8. Brazilian Pavilion – JUNTOS
Commissioner: Luis Terepins, Bienal de São Paulo Foundation. Curator: Washington Fajardo. Exhibitors: João Felipe Wallig, Goma Oficina, Leticia Monte, Nanda Eskes, Mario Quintanilha/Paulo, Pedro Henrique de Cristo, Caroline de Cristo, Plus D Studio, Mauro Bonelli, Tia Surica, Ruy Rezende, Dyonne Boy, Tia Maria, Pedro Évora, Pedro Rivera, Merced Guimarães, IPN, Damião Braga, Quilombo da Pedra do Sal, Pequena África, Tia Ciata, Giovane Harvey, Sara Zewde, Junior Perim, Vinicius Daumas, Rodrigo Azevedo, Vik Muniz, Basil Water, Chico Rocha, Bruno Porto, Lula, O Norte, Dona Dalva, Terra Tuma Arquitetos Associados, Laura Taves, Clarisse Linke, ITDP, Zé Lobo, Transporte Ativo, Studio-X, Fernando Assad, Elisabete França, MMBB, H+F, Roberto Andrés.
The Fundação Bienal de São Paulo has selected Washington Fajardo to present an exhibition titled “JUNTOS.” The project for the Brazilian pavilion highlights stories of people who have fought to achieve changes in institutional passivity in Brazil’s big cities. They have created architecture within slow processes, bringing stable solutions in a politically tumultuous territory. According to the curator, “the exhibition is a composition of these pathways and partnerships, where activism meets architects and architecture, becoming a magnet in the preparation of a new space.”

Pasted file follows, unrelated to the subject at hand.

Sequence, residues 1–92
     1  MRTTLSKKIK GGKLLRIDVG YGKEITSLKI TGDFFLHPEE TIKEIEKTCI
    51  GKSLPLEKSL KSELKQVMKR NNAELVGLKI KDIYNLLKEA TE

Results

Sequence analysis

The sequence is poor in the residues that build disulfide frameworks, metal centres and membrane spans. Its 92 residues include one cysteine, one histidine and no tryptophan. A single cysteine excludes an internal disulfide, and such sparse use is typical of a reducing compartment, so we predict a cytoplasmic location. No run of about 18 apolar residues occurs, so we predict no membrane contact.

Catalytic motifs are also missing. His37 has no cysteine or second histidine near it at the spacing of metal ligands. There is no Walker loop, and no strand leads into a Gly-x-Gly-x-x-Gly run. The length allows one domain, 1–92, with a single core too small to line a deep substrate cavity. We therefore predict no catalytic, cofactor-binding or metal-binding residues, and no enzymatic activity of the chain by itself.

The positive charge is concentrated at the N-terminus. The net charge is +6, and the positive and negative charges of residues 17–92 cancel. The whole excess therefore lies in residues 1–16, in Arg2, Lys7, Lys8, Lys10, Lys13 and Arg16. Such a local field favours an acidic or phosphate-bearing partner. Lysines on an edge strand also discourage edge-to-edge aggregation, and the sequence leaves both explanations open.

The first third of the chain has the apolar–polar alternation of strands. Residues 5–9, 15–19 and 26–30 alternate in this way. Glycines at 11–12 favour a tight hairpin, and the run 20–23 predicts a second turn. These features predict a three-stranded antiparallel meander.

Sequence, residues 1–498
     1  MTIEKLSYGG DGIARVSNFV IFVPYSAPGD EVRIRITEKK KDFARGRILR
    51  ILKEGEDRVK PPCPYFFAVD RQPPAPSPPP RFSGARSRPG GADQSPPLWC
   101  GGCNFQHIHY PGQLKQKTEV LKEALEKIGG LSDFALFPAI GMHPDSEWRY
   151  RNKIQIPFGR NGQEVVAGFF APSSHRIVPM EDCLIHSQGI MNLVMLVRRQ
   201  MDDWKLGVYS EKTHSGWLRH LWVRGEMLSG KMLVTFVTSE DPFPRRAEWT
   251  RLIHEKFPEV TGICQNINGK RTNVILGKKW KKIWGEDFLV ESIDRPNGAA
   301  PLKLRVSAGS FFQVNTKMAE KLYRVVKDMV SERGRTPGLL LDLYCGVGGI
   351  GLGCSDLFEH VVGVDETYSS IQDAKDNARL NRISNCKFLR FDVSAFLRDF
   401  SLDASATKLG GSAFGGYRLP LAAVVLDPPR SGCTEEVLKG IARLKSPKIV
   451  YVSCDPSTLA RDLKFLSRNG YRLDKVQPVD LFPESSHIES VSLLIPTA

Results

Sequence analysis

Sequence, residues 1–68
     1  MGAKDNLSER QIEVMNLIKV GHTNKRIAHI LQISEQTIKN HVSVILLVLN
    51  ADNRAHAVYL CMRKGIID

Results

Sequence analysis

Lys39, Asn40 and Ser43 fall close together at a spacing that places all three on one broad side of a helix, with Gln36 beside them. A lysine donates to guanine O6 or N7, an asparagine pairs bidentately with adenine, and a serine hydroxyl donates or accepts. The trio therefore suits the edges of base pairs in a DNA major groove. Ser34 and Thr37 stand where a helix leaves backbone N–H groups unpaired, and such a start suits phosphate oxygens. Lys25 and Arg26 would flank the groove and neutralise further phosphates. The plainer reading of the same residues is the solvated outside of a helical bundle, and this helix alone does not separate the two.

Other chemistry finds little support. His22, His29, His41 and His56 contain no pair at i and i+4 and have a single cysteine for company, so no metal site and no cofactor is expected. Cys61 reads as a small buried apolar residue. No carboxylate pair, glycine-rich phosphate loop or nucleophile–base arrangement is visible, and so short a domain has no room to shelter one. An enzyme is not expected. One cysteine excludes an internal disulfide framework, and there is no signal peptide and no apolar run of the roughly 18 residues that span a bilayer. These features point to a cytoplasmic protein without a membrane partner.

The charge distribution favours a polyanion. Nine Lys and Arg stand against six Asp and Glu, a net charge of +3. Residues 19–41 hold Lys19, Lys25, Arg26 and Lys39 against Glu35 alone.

According to Luis Terepins, president of the Fundação Bienal de São Paulo, Fajardo’s project is particularly suited to the general theme of the international event. “By establishing a dialogue between Brazilian architecture and contemporary international discussion, the Biennale aligns with the core mission of spreading the culture of the country in the global context.”
Afro-Brazilian culture, historical centers and access to culture through architecture and design are the stories of the Brazilian pavilion in a search for what it means to be together (juntos). The exhibition brings together process and their current states, which can be in designing stage, still-to-be-done, or finished. These are processes that speak of architecture, urban planning, cultural heritage, literature, social activism and technology; as a result, videos, photos, letters, articles, poems, texts, facts, drawings and data are also part of the show, “composing a memorial for these lives intertwined in improving the built environment, in their communities.”